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1 July 2004 Interspecific Differences in Feeding Behavior and Survival Under Food-Limited Conditions for Larval Aedes albopictus and Aedes aegypti (Diptera: Culicidae)
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Aedes albopictus has replaced Aedes aegypti in much of the latter species’ historic range within the United States. The leading hypothesis for this displacement is exclusion via resource competition; however, the proximate mechanism producing a competitive advantage for A. albopictus over A. aegypti has not been identified. We performed laboratory experiments to test the hypotheses that these species differ in feeding behavior, and that these differences result in differences in survival when resources are scarce. Differences in feeding behavior were assessed in three environments with food (growing microorganisms) available: 1) in fluid only; 2) on leaf surfaces only; 3) or both in fluid and on leaf surfaces. We determined behavior of larvae in these environments, recording their positions (bottom, wall, leaf, top, or middle) and activities (browsing, filtering, resting, or thrashing) using instantaneous scan censuses. A. albopictus spent significantly more time at leaf surfaces, whereas A. aegypti spent more time engaging in nonfeeding activities. Both species showed a significant shift in foraging activity toward leaves when leaves were available. In a second experiment, we recorded survivorship for individuals raised in two treatment combinations: whole or half 17-mm disks of live oak leaves, with or without direct access to the leaf surface (controlled using nylon mesh, which allowed movement of microscopic organisms, but prevented mosquito larva movement between container sides). After 31 d, survivorship of A. albopictus was significantly greater than that of A. aegypti regardless of treatments. Moreover, A. albopictus showed significantly greater survivorship compared with A. aegypti when deprived of access to leaf surfaces and in whole leaf disk treatments, suggesting superior resource-harvesting ability for A. albopictus. Our experiments suggest that differences in foraging behavior contribute to the competitive advantage of A. albopictus over A. aegypti that has been observed in North America.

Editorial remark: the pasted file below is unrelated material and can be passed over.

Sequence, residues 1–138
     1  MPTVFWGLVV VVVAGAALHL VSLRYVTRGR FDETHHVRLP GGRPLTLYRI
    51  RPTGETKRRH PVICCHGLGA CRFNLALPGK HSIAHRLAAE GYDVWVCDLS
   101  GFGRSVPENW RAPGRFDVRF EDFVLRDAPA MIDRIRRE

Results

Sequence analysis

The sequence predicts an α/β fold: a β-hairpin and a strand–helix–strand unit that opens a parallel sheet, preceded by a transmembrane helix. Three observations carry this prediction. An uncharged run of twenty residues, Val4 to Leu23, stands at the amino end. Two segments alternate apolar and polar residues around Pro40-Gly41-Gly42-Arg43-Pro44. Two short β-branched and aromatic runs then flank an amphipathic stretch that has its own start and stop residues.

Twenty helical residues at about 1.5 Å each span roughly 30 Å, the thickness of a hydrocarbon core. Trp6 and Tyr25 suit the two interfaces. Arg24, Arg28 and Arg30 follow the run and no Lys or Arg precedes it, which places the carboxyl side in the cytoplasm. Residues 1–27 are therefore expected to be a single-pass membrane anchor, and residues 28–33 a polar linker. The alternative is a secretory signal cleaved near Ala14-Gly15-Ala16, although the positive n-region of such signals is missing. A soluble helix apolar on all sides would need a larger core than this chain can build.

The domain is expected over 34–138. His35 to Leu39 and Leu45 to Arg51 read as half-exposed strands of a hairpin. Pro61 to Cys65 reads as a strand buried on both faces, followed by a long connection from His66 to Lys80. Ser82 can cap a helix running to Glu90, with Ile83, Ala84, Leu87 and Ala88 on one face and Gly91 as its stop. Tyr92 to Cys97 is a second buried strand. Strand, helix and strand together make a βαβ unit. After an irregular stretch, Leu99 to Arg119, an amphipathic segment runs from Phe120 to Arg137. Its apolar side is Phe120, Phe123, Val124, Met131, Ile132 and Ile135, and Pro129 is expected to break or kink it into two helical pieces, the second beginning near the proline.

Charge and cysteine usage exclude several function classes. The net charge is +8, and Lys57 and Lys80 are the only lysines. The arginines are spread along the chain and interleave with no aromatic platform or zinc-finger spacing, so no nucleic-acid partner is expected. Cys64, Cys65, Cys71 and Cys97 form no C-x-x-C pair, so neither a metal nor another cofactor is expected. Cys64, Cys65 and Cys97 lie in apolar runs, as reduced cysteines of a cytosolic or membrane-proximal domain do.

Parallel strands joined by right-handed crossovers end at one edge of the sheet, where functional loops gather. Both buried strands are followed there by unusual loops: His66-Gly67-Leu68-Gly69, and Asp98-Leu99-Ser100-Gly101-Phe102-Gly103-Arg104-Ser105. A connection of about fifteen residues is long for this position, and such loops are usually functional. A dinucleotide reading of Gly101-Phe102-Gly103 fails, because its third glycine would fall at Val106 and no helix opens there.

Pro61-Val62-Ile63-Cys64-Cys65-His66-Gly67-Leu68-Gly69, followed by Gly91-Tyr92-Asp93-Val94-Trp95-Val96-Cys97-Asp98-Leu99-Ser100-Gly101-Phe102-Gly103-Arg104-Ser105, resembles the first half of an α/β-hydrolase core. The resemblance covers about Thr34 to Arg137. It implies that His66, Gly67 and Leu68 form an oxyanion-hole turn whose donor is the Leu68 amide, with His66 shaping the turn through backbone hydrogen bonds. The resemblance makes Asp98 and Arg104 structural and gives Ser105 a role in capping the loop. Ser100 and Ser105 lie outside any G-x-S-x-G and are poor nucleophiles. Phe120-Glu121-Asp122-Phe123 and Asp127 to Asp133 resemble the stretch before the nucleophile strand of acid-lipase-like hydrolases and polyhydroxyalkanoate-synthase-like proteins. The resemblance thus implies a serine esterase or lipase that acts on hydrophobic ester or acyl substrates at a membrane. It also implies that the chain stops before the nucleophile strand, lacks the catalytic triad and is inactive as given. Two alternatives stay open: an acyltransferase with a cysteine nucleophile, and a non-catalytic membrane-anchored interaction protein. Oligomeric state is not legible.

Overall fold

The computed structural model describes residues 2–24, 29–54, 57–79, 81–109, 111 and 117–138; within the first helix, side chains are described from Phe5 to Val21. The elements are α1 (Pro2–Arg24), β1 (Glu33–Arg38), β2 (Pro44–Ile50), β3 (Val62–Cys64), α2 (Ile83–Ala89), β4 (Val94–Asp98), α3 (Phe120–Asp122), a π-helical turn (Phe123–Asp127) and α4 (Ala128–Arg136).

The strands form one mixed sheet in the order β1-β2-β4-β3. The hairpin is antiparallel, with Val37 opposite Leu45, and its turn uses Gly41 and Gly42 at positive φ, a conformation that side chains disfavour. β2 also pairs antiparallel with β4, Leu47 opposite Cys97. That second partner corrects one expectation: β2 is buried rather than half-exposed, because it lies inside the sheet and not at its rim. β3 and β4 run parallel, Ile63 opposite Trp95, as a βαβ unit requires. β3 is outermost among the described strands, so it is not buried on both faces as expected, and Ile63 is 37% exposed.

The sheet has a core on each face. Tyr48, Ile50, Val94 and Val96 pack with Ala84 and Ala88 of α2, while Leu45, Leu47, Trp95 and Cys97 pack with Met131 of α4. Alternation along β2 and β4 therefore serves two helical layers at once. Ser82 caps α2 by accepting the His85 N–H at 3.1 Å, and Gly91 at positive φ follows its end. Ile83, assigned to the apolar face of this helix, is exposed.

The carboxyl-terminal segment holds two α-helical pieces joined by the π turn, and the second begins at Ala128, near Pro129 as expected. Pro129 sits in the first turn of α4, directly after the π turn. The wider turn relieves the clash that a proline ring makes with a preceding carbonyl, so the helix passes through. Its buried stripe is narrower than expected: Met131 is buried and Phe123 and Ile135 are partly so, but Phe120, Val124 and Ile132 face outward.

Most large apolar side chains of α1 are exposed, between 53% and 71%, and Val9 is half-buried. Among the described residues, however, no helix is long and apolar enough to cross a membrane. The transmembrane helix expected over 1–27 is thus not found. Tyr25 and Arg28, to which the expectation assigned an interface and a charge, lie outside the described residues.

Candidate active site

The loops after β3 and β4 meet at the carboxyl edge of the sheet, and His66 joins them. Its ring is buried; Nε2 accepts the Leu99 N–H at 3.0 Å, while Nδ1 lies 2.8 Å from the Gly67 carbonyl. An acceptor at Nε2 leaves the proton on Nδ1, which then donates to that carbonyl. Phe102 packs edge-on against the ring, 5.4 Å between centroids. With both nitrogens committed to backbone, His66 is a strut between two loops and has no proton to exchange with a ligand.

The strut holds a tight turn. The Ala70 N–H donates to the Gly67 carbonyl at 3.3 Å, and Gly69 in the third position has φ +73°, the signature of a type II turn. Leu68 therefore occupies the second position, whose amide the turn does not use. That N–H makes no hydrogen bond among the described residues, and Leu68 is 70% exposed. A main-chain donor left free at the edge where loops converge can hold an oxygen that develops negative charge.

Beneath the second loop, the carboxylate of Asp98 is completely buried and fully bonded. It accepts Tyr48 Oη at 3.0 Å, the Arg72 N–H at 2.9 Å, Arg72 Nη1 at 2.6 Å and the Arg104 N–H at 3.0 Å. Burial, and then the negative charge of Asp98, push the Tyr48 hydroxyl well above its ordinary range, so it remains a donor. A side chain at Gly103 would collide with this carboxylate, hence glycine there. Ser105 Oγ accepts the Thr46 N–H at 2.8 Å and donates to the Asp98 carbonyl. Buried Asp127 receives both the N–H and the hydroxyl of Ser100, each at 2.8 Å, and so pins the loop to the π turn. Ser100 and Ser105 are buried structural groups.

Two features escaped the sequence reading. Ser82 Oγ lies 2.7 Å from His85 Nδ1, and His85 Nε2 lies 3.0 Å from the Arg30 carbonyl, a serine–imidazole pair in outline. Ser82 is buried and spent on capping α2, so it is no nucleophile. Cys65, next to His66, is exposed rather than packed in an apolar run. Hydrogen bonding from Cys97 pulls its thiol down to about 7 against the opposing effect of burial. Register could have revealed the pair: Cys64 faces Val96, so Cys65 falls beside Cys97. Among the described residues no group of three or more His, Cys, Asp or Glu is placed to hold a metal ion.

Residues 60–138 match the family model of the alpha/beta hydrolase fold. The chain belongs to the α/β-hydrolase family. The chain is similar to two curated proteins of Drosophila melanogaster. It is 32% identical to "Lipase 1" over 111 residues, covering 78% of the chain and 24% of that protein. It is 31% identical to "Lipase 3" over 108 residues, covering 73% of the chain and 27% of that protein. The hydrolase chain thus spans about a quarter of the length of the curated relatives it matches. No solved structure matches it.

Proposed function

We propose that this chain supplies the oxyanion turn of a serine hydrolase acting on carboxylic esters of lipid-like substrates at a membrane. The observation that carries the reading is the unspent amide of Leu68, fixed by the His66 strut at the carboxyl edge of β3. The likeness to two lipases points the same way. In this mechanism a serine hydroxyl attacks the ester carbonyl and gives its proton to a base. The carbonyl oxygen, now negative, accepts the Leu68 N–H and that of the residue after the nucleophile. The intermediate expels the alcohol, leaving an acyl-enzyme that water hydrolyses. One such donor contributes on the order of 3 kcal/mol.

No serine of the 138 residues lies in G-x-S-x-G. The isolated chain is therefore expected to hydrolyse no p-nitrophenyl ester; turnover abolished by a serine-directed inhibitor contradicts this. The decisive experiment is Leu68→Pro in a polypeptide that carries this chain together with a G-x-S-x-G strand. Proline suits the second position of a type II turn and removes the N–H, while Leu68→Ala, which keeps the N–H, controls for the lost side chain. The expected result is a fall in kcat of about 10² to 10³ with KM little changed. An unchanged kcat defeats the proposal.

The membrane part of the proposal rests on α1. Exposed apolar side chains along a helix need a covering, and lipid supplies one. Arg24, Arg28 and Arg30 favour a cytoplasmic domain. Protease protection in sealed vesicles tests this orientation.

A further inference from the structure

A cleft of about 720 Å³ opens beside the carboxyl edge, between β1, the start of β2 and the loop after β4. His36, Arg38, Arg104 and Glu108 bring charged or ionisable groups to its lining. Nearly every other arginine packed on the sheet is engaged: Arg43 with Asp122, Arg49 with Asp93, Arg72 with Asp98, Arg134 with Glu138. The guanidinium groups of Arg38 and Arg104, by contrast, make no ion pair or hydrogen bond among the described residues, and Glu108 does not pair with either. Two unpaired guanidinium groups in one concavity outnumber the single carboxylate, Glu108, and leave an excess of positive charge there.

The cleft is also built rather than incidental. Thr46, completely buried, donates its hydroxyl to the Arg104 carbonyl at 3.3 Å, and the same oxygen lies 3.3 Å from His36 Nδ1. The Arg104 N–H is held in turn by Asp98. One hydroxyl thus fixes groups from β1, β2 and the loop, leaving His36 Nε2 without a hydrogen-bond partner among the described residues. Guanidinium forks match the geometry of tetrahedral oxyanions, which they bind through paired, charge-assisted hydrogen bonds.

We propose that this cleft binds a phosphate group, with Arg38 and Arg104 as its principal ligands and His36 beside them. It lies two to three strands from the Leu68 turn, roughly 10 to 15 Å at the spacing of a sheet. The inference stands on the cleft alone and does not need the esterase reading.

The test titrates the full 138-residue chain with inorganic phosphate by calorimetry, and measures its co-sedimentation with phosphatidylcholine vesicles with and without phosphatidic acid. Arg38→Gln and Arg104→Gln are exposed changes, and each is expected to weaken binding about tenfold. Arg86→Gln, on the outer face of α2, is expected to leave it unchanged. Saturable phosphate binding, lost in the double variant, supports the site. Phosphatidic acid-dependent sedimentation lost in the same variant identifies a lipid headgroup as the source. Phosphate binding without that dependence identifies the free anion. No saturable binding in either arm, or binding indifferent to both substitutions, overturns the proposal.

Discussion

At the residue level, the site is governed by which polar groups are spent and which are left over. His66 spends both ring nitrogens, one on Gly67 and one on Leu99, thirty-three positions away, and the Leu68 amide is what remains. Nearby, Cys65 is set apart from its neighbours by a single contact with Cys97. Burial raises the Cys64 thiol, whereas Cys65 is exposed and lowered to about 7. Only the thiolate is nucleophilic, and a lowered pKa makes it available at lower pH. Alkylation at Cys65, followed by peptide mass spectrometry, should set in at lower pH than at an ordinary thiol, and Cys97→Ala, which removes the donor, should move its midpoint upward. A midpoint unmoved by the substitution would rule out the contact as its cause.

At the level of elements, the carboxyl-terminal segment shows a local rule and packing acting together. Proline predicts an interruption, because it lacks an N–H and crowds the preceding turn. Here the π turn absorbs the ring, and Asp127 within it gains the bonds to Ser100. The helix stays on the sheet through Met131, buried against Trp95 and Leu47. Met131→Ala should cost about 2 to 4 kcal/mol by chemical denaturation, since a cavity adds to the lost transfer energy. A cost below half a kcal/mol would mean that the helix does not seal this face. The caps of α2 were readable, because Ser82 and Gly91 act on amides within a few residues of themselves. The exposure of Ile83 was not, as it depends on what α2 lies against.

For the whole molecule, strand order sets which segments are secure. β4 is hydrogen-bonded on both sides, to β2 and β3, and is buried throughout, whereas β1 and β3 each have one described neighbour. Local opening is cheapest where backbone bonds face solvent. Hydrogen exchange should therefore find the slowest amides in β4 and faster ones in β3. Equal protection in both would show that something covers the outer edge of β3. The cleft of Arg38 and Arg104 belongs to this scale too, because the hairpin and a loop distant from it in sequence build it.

Donald A. Yee, Banugopan Kesavaraju, and Steven A. Juliano "Interspecific Differences in Feeding Behavior and Survival Under Food-Limited Conditions for Larval Aedes albopictus and Aedes aegypti (Diptera: Culicidae)," Annals of the Entomological Society of America 97(4), 720-728, (1 July 2004).[0720:IDIFBA]2.0.CO;2
Received: 5 February 2004; Accepted: 1 March 2004; Published: 1 July 2004

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